North American Network Operators Group

Date Prev | Date Next | Date Index | Thread Index | Author Index | Historical

RE: windows update cache

  • From: Jason Gurtz
  • Date: Fri Sep 28 15:36:42 2007
  • Domainkey-signature: s=sgs;; c=nofws; q=dns; h=X-IronPort-AV:Received:Content-class:X-MimeOLE: Subject:Date:Message-ID:In-Reply-To:X-MS-Has-Attach: X-MS-TNEF-Correlator:Thread-Topic:Thread-Index: References:From:To; b=fX72xF7/WUasRdoTzCuBp4PLDLSjnvu5FTWlrlKZBhgxlsZUKwYQ5 7G0OmwwAMg61abNm0kzXOp81+ztVLUGMy7MQaxiv5wb17g2wspa7E 2kasI55etHl35LPTiDu6q+zbXIMDtr4v/opLNTEHnPsKoGkLoyoo+ 5IoS6gHwfuCw=;

> Windows Software Update Services doesn't require the end-user to be
> part of a domain to get updates. You just need to define the WSUS server
> the source for updates by changing a few registry entries and make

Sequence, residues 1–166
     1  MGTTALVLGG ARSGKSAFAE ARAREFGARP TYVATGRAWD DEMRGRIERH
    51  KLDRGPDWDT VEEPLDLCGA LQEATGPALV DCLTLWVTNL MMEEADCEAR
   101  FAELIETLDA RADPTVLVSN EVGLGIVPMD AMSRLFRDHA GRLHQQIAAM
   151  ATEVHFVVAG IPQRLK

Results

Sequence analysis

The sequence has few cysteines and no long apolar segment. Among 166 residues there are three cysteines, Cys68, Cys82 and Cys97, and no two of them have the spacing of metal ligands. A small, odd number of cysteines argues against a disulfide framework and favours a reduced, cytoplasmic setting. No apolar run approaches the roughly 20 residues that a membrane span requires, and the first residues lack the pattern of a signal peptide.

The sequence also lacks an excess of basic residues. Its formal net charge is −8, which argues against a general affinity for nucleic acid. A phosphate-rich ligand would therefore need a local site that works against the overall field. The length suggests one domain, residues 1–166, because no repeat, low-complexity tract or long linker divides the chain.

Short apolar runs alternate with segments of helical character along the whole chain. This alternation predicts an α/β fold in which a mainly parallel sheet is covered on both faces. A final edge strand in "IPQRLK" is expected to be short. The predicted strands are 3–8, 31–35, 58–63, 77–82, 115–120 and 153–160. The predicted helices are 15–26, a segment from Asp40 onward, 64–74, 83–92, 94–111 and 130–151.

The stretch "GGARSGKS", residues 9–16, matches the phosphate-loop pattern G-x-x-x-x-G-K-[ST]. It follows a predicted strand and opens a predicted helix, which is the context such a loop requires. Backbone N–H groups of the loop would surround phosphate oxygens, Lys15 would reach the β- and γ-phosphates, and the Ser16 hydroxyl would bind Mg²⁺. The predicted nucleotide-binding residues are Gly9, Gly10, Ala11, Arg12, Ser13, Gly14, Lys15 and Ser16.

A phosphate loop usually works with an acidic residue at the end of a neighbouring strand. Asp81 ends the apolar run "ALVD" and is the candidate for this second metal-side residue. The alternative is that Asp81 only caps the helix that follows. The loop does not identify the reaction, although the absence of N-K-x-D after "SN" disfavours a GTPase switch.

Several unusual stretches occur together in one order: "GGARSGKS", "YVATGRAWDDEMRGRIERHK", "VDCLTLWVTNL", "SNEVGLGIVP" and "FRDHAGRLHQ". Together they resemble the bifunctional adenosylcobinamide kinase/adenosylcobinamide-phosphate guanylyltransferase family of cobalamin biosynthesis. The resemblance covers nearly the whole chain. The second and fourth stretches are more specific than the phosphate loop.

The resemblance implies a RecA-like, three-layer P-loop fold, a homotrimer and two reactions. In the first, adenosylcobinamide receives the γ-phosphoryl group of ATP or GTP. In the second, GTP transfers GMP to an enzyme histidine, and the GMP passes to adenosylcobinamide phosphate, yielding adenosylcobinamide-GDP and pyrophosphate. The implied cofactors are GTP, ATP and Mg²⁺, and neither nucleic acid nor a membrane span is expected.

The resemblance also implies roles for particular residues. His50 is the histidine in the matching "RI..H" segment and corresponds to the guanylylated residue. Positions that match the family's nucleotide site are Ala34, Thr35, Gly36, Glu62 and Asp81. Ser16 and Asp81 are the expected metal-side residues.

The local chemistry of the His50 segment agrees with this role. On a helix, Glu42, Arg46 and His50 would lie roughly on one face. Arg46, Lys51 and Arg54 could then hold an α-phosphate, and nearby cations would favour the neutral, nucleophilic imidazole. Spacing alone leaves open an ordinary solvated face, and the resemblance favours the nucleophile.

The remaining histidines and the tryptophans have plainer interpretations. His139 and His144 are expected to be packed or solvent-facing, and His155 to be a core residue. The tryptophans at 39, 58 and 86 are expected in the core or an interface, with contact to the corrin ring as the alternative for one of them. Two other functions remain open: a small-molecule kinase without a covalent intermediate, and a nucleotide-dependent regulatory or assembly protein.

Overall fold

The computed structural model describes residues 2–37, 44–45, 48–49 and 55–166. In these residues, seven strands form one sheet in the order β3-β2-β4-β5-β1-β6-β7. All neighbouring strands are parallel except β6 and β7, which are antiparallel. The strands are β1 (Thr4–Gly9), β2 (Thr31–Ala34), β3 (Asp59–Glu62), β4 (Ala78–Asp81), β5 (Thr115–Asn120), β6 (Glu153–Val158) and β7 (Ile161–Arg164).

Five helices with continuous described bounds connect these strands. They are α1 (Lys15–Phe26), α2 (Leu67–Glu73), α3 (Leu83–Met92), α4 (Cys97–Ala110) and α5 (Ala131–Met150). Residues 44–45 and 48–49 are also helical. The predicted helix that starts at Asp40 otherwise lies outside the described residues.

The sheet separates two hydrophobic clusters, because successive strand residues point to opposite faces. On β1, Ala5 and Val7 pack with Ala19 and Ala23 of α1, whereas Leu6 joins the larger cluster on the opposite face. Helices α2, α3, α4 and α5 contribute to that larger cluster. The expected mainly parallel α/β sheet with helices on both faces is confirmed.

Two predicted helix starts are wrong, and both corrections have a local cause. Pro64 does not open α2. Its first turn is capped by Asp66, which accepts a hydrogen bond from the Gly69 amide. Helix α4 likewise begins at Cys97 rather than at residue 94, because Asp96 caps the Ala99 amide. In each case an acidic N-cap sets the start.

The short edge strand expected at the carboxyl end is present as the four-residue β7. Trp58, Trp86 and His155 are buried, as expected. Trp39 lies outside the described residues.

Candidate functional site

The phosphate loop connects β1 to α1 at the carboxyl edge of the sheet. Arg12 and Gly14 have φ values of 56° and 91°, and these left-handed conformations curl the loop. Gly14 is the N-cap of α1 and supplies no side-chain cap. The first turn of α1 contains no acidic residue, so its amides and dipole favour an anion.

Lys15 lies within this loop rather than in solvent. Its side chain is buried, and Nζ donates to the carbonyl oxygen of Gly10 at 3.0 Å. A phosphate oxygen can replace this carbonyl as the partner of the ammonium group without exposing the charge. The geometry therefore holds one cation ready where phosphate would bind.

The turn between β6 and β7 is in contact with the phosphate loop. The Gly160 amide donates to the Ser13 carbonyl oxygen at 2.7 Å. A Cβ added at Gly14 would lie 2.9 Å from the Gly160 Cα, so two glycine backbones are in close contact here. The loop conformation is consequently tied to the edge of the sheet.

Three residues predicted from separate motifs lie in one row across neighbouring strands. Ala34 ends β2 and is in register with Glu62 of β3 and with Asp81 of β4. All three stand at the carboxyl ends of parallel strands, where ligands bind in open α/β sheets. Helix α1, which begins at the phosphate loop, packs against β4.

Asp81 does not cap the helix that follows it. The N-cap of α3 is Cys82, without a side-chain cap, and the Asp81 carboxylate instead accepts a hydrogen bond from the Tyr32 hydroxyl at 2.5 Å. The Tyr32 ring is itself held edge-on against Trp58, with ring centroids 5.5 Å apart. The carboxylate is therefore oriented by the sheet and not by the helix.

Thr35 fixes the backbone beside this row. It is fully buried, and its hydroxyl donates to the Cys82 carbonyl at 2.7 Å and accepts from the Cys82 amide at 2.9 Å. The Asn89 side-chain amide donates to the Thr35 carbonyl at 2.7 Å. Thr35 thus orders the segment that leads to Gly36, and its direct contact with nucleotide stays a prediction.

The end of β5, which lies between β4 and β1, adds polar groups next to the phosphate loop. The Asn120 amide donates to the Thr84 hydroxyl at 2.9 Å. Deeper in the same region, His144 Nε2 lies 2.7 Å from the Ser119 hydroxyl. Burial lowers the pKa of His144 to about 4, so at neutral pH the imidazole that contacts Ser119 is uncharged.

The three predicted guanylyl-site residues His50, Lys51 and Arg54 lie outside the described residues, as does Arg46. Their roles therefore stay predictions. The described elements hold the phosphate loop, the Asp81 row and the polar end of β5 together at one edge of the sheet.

> sure the server is available via HTTP or HTTPS to your customers. You
> read more at Microsoft's site.

Even though you can make it work, I believe you will be running afoul of
the WSUS Lic. agreement if it's not a corporate LAN/Domain.  I don't have
the text of it in front of me, but I remember this issue coming up on

Since automating clients to use wsus requires either a registry or
local/group policy change on the clients, you would have to find some way
of manipulating this facet as well.

I would say the best course is to contact the wsus/mu team via the above
mentioned newsgroup and see if they'll become more cache friendly with a
future version of wsus.  The squid trick seems ideal if only you could be
assured of having the latest files.